Zsa Zsa and the gold dome

When we lived in London (1987-1992; I was 10-15 years old), we traveled as a family — a lot. Every long weekend and school holiday would see us heading off to another city in what my kids call “Yurp.” Over the course of many such visits, our family developed some guidelines for how to travel together without losing our minds. Lindsey and I were consulted for ideas (I remember lots of Sound of Music sights in Austria). Dad would present the “non-negotiable” things we had to do (usually these could be abbreviated — ADC — “Another Damn Cathedral”). Once those were done, pretty much, it was: “Do what you want. Stay safe. See you back at the hotel.”  Which is how Lindsey and I spent a night in Berlin, watching TV in our hotel room instead of attending the Berlin Opera with my parents and their friends. The only English-speaking station was showing live coverage of Zsa Zsa Gabor’s trial for slapping a policeman. We watched for hours. In retrospect, perhaps a bad call by Lindsey and me, but my parents picked their battles, bit their tongues, let us choose what to do.

Hannah and Margaret are obviously too young to let loose in Jerusalem (though don’t think the fantasy hasn’t occurred to me). Still, I’m trying to adapt some of the Mead family travel guidelines. The “pick your battles” aspect of this is accepting that everything takes ten times as long as it should, and that our kids need a lot of time to lie on the couch or play in the park to recover from any adventure. I’m also trying to incorporate their interests and wants. In Delaware this summer, we took out every library book we could find about Jerusalem or Israel. Hannah was totally obsessed with “the gold dome” — the Dome of the Rock. On our first several visits to the Old City, we never made it that far as meltdowns or exhaustion (parental and child) struck first. But on Sunday we were determined that Hannah should see her gold dome. Terence mapped out a great bus route (including squeezing through Jaffa Gate and the Armenian Quarter on bus #38). We hopped off and started walking, whereupon Margaret made her discovery: a playground! Set down below the path, almost right against the old walls of the Jewish Quarter. As I told her, kids notice things that grown ups would walk right past.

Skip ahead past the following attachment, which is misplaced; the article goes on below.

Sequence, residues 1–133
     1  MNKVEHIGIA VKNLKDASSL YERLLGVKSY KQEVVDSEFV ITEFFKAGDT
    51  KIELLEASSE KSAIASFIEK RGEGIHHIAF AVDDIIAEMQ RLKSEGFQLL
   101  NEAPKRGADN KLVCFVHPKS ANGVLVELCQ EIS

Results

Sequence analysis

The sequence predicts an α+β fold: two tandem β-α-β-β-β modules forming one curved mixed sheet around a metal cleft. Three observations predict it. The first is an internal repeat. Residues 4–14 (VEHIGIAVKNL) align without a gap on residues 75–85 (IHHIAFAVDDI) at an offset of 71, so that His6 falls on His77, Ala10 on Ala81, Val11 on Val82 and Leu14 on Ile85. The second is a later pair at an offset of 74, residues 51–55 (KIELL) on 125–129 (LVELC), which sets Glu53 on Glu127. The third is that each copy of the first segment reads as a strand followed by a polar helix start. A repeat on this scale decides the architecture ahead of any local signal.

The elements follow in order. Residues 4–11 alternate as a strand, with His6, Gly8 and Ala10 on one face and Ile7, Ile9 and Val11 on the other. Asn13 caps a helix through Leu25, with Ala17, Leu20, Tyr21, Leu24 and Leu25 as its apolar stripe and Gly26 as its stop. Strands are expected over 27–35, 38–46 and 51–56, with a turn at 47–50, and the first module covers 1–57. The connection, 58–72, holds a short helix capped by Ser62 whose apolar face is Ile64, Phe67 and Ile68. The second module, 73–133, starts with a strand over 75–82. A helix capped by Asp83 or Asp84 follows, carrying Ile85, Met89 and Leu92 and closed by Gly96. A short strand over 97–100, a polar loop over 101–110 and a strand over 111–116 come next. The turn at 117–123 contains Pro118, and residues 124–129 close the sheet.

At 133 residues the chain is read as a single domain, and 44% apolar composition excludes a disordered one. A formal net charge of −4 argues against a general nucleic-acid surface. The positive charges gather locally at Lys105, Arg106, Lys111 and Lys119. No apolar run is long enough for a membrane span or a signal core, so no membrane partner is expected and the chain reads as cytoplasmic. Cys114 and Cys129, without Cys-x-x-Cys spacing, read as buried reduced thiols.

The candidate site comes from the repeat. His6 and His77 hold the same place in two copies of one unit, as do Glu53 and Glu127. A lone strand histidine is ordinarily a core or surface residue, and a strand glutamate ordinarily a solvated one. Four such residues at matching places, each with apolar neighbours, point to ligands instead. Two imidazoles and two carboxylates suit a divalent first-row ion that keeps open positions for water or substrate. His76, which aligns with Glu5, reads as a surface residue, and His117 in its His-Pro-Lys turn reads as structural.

After a break to play, we finally spotted the gold dome in the distance. Hannah had fun being the photographer:

We headed up to the Haram ash-Sharif by a walkway near the Western Wall. To make a most unoriginal point: it’s crazy how close together these places are to each other. So thanks to Hannah’s choices we spent the anniversary of 9/11 in the holiest of Muslim and Jewish places. Perhaps fitting, as we are praying for more mutual peace and understanding in this decade than we have had in the last decade. p.s. Margaret wants to see “Jesus’ cribby,” so Bethlehem may be our next family adventure.



About hilarymead

Taking two young kids, a great husband, and a whole lot of questions to Jerusalem for a year's sabbatical.
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3 Responses to Zsa Zsa and the gold dome

  1. Suzanne says:

    If you do go to see Jesus’s cribby, see if the family-run, not-on-tour-bus-agendas olivewood shop is still there. Stand in Manger Square with the J’lem road at your back. The upper left hand corner of the square has a road leading off of it. follow the road a short distance (ie, on foot). The wood shop should be on the left. Perhaps the man who used to call himself “George” will still be working there. This place made the most beautiful nesting (circular) boxes, carved camels, creche sets, and lots of other things. My house is a testament to the loveliness of their craftsmanship. If they’re still there, they may offer tea.

  2. I think “Jesus’s cribby” has a sort of hip-hop sound to it.

    I love the image of you and Lindsey watching Zsa Zsa Gabor’s trial in your Berlin hotel room. It kind of reminds me of a trip to Paris Josh and I took in 1998. We were so touristed-out by the time I forced us to visit the Eiffel Tower that we skipped the tower and instead decided to join a party at its base of drunken decamped Scots celebrating that year’s World Cup soccer tournament. When in Paris, do as the Scots do?

  3. Margaret says:

    I’m fairly certain I’ll be giggling about this all day: “The only English-speaking station was showing live coverage of Zsa Zsa Gabor’s trial for slapping a policeman.”


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